On My Bookshelf: Testimony by Anita Shreve

August 15, 2016

In Testimony by Anita Shreve, after one night of bad decisions, things are never the same at Avery Academy, a private school in New England. The incident cannot be contained and as a result, students are expelled, relationships and marriages are ruined, and choices are made that can never be undone. Read on for more of my review and ideas for classroom application.
The basic plot from Amazon: At a New England boarding school, a sex scandal is about to break. Even more shocking than the sexual acts themselves is the fact that they were caught on videotape. A Pandora's box of revelations, the tape triggers a chorus of voices--those of the men, women, teenagers, and parents involved in the scandal--that details the ways in which lives can be derailed or destroyed in one foolish moment.

Writing with a pace and intensity surpassing even her own greatest work, Anita Shreve delivers in Testimony a gripping emotional drama with the impact of a thriller. No one more compellingly explores the dark impulses that sway the lives of seeming innocents, the needs and fears that drive ordinary men and women into intolerable dilemmas, and the ways in which our best intentions can lead to our worst transgressions.

Why I liked it: After several students tape a night of sexual debauchery, things are never the same at Avery Academy, a private school in New England. The head master discovers the tape and tries, unsuccessfully, to contain the incident. As a result, students are expelled, relationships and marriages are ruined, and choices are made that can never be undone. Besides the students involved and the head master, the novel is narrated by a variety of characters including Avery teachers and students, other staff members, parents, and townspeople and weaves incidents from the past and present as a researcher conducts a study in alcohol and adolescent boys.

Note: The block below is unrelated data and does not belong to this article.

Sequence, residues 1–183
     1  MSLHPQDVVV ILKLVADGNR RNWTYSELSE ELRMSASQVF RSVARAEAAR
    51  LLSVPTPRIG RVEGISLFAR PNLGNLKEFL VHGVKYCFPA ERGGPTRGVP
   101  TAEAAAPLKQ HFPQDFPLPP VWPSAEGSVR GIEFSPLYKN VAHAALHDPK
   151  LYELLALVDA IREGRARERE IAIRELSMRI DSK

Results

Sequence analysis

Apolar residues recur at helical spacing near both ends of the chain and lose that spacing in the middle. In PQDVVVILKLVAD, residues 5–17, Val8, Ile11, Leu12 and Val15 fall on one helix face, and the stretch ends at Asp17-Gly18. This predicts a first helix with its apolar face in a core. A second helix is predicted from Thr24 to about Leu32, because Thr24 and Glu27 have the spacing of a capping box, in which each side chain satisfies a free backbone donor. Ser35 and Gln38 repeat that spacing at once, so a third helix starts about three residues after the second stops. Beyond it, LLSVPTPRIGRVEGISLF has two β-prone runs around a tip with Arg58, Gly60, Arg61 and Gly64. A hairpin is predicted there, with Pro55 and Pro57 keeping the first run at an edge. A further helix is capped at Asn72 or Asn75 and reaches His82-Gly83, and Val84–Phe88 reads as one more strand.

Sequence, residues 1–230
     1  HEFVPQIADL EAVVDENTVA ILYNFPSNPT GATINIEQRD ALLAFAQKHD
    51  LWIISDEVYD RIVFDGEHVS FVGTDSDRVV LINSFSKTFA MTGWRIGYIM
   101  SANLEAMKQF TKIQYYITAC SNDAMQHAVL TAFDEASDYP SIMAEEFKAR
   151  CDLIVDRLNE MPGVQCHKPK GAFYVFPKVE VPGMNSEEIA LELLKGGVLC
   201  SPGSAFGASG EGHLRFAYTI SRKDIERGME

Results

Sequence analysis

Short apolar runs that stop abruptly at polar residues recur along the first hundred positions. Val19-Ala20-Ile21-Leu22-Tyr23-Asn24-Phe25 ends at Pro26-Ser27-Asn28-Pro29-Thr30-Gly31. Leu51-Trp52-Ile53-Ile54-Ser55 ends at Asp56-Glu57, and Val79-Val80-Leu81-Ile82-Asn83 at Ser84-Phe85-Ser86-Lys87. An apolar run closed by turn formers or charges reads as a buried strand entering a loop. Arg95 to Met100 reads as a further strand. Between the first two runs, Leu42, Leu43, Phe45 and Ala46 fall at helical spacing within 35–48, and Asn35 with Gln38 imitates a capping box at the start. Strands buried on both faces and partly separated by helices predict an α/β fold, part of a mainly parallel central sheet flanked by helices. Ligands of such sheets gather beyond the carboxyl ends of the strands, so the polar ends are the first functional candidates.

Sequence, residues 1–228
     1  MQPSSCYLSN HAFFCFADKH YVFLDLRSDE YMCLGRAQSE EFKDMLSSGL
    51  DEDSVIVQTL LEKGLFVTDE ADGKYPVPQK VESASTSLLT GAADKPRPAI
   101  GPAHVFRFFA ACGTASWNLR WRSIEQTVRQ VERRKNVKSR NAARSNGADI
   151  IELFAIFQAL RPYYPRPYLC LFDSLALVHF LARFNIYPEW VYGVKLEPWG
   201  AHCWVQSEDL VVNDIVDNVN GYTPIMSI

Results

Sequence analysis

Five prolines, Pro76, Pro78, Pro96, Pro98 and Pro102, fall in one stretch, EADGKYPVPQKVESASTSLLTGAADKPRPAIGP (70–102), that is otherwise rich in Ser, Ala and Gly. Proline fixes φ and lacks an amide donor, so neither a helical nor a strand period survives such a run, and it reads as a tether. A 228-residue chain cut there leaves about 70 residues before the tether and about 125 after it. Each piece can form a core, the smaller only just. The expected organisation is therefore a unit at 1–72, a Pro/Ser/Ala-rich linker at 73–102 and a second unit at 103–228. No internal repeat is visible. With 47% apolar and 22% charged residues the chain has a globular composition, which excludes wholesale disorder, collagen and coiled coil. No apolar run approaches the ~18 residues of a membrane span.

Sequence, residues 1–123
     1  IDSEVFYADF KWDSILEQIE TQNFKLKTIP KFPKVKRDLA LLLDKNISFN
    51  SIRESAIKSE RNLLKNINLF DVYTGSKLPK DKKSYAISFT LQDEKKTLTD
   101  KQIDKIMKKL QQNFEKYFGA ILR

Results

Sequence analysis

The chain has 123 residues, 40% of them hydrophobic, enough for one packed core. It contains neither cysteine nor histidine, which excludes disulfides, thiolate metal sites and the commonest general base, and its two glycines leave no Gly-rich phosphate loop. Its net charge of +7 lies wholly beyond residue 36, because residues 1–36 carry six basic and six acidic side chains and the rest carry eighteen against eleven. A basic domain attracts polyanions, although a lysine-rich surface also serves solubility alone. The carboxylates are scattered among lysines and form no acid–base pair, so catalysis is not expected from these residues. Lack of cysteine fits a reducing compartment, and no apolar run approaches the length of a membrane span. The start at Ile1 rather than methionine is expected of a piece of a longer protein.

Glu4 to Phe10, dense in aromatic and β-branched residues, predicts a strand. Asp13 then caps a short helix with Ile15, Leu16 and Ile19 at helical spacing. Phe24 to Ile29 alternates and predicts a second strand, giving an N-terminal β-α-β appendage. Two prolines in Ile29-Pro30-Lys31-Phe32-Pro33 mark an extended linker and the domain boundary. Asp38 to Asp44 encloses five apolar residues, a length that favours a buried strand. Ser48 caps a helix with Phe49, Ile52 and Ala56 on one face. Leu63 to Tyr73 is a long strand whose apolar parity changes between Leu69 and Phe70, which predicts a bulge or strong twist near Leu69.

In Testimony by Anita Shreve, after one night of bad decisions, things are never the same at Avery Academy, a private school in New England. The incident cannot be contained and as a result, students are expelled, relationships and marriages are ruined, and choices are made that can never be undone. Read on for more of my review and ideas for classroom application.

Because of the weaving of past and present events from the perspective of multiple characters, the plot of Testimony builds in intensity as the terrible things you hope won't happen mostly do. While some of the characters annoyed me at times, especially one love sick teenager, I found it impossible not to be drawn into the drama.

Classroom application: The novel begins with a very graphic description of the students' sex tape, so this may not be appropriate for your classroom, even for the oldest of students. That said, the novel would be a fascinating topic of discussion in a psychology or sociology class and would connect to many real world topics.

If you are interested in purchasing a copy of Testimony for yourself, you can find it on Amazon here.

For more reading suggestions for students and teachers:



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